Andromeda – M31

The Andromeda Galaxy, also known as M31, or NGC 224 and originally the Andromeda Nebula (see below), is a spiral galaxy approximately 2.5 million light-years from Earth, and the nearest major galaxy to the Milky Way. The galaxy’s name stems from the area of the Earth’s sky in which it appears, the constellation of Andromeda.

The virial mass of the Andromeda Galaxy is of the same order of magnitude as that of the Milky Way, at 1 trillion solar masses (2.0×1042 kilograms). The mass of either galaxy is difficult to estimate with any accuracy, but it was long thought that the Andromeda Galaxy is more massive than the Milky Way by a margin of some 25% to 50%. This has been called into question by a 2018 study which cited a lower estimate on the mass of the Andromeda Galaxy, combined with preliminary reports on a 2019 study estimating a higher mass of the Milky Way. The Andromeda Galaxy has a diameter of about 220,000 ly, making it the largest member of the Local Group at least in terms of extension, if not mass.

Andromeda - M31

The number of stars contained in the Andromeda Galaxy is estimated at one trillion (1×1012), or roughly twice the number estimated for the Milky Way.

The Milky Way and Andromeda galaxies are expected to collide in around 4.5 billion years, merging to form a giant elliptical galaxy or a large lenticular galaxy. With an apparent magnitude of 3.4, the Andromeda Galaxy is among the brightest of the Messier objects making it visible to the naked eye from Earth on moonless nights, even when viewed from areas with moderate light pollution.

Source: https://en.wikipedia.org/wiki/Andromeda_Galaxy

Photos taken on 01-04.8.2019 at Zwardoń during PTMA rally.

  • Equipment: Canon EOS 6D, SkyWatcher Newton 1000/200 [mm], F5, coma corrector, NEQ6Pro.,
  • Composition: Astro Pixel Processor,
  • Processing: GIMP v2.10.14 + plug-ins (Linux),
  • Lights in the two session: 80 x 60[s] ISO 1000 + 4 x 120[s] ISO 1000 = 84 best frames,
  • Flats: 42 ISO-1000,
  • Darks: 28 ISO-1000,
  • Bias: 20 ISO-1000


Pleiades – M45

also known as the Seven Sisters and Messier 45, are an open star cluster containing middle-aged, hot B-type stars located in the constellation of Taurus. It is among the star clusters nearest Earth and is the cluster most obvious to the naked eye in the night sky.

The cluster is dominated by hot blue and luminous stars that have formed within the last 100 million years. Reflection nebulae around the brightest stars were once thought to be left over material from the formation of the cluster, but are now considered likely to be an unrelated dust cloud in the interstellar medium through which the stars are currently passing.

Computer simulations have shown that the Pleiades were probably formed from a compact configuration that resembled the Orion Nebula. Astronomers estimate that the cluster will survive for about another 250 million years, after which it will disperse due to gravitational interactions with its galactic neighborhood.

Source: https://en.wikipedia.org/wiki/Pleiades

Plejady - M45

These are my first Pleiades for a just modified NEQ6Pro, assembly with belt drive instead of gears and new bearings. I modified the mount myself and after this photo session I see what else I need to improve and what activities I did not take to know and what mistakes I made.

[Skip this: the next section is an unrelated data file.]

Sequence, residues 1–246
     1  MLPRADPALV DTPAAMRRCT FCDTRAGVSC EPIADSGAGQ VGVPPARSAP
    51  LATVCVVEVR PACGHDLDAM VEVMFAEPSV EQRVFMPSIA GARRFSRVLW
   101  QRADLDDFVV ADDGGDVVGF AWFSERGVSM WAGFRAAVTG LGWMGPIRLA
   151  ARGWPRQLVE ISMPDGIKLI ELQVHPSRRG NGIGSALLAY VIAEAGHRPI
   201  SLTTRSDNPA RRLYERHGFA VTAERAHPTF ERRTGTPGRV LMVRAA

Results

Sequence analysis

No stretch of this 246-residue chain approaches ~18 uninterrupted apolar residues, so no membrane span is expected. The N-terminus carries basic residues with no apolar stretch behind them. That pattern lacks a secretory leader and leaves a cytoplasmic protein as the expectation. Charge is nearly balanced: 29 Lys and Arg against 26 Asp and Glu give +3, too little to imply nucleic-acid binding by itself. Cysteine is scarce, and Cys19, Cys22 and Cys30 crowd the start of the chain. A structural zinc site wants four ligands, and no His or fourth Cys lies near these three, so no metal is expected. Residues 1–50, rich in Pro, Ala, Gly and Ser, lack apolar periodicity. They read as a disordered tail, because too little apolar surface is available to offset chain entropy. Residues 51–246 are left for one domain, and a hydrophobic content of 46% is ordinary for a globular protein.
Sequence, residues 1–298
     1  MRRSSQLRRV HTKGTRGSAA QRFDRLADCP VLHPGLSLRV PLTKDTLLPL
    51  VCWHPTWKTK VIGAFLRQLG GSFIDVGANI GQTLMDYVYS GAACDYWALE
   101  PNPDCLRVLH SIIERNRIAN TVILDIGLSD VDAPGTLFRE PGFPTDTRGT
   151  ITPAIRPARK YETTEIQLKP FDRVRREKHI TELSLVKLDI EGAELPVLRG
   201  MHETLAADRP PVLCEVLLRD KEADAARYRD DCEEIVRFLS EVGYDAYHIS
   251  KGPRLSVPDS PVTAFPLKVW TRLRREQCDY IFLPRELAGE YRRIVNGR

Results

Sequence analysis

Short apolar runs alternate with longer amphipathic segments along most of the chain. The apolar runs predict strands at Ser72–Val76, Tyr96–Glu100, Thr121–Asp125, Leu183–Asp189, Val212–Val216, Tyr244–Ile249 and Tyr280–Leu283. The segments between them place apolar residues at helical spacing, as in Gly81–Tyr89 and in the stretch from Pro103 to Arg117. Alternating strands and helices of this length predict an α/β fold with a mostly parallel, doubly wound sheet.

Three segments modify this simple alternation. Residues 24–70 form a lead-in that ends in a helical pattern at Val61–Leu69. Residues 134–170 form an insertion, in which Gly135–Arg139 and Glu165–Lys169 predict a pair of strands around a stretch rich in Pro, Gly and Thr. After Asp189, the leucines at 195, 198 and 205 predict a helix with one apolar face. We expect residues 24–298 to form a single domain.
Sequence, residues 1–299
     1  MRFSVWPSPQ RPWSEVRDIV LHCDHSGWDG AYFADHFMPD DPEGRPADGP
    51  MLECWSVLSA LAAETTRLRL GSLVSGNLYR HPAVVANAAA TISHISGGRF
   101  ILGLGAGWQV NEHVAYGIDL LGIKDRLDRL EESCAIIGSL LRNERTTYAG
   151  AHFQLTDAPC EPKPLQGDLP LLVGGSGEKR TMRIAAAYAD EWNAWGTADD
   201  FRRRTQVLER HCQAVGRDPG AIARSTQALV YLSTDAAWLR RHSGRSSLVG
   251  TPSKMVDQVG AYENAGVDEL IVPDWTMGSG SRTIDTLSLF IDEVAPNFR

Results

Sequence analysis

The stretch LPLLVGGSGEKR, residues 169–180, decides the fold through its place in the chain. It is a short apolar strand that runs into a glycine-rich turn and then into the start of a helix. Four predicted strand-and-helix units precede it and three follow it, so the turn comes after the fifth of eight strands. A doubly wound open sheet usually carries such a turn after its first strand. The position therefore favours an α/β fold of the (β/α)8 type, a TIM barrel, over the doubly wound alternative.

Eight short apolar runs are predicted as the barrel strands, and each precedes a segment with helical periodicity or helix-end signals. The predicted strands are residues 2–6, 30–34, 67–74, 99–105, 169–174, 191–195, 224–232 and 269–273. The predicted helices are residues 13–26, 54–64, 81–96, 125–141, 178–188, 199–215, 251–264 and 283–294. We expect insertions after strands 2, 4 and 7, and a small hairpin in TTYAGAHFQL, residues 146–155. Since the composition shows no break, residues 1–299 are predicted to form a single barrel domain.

At the first night I realized, that I had not aligned the polar scope axis with the mount, which practically prevented me from setting the mount to polar correctly. I had no idea that this should be done. Because of that the first photo session is just only 90 [s] exposure. That’s all I could get without the correct align of mount to polar. The next day I did my “lessons” and in the evening when the polar appeared in the sky, I aligned the mount axis as much as possible at -10 ° [C] degree by turning three tiny screws with a tiny allen key, in poor light, without winter gloves on my hands, until I was able to keep the key in this freeze night.

I aligned the mount as it was possible to carry out exposure of about 150 [s] at 1000/200 [mm] focal length of my telescope without guidng, but every second / third frame was still with traveling stars. I reduced the exposure time to 2 [min] to reduce the amount of waste material, still I had every 4-6 frame broken. I determined that the axle clearance pressure was set incorrectly in one of axis, which caused a noticeable small play, which I still have to cancel by adjusting the pressure.

I will refine the assembly and improve the results. When my Mgen Lacerta II comes back to me, then this assembly with this tube will show a what deserve. I hope.

Photos taken on 23-25.1.2020 at Żabnica with company of a friend Tomasz Siekiera, who made the square available for astrophotography. Thanks Tomek! 🙂

Equipment:

  • Canon EOS 6D (no mod.),
  • SkyWatcher Newton 1000/200 [mm] F5,
  • Coma corrector,
  • NEQ6Pro modification with some mistakes in the calibration process I’ve made due to my knowledge gaps. I’ll work on it in the near future.

Stacking, composition and data:

  • Astro Pixel Processor
  • GIMP v2.10.14 + plug-ins (Linux)
  • Lights in the two session: 175 x 90[s] ISO 1600 + 32 x 120[s] ISO 1600 = 207 – 10% bad quality rejected frames = 186 best frames with different time exposure,
  • Flats: 35 ISO-1600,
  • Dark Flats: 42 ISO-1600,
  • Darks: 42 ISO-1600,
  • Bias: 20 ISO-1600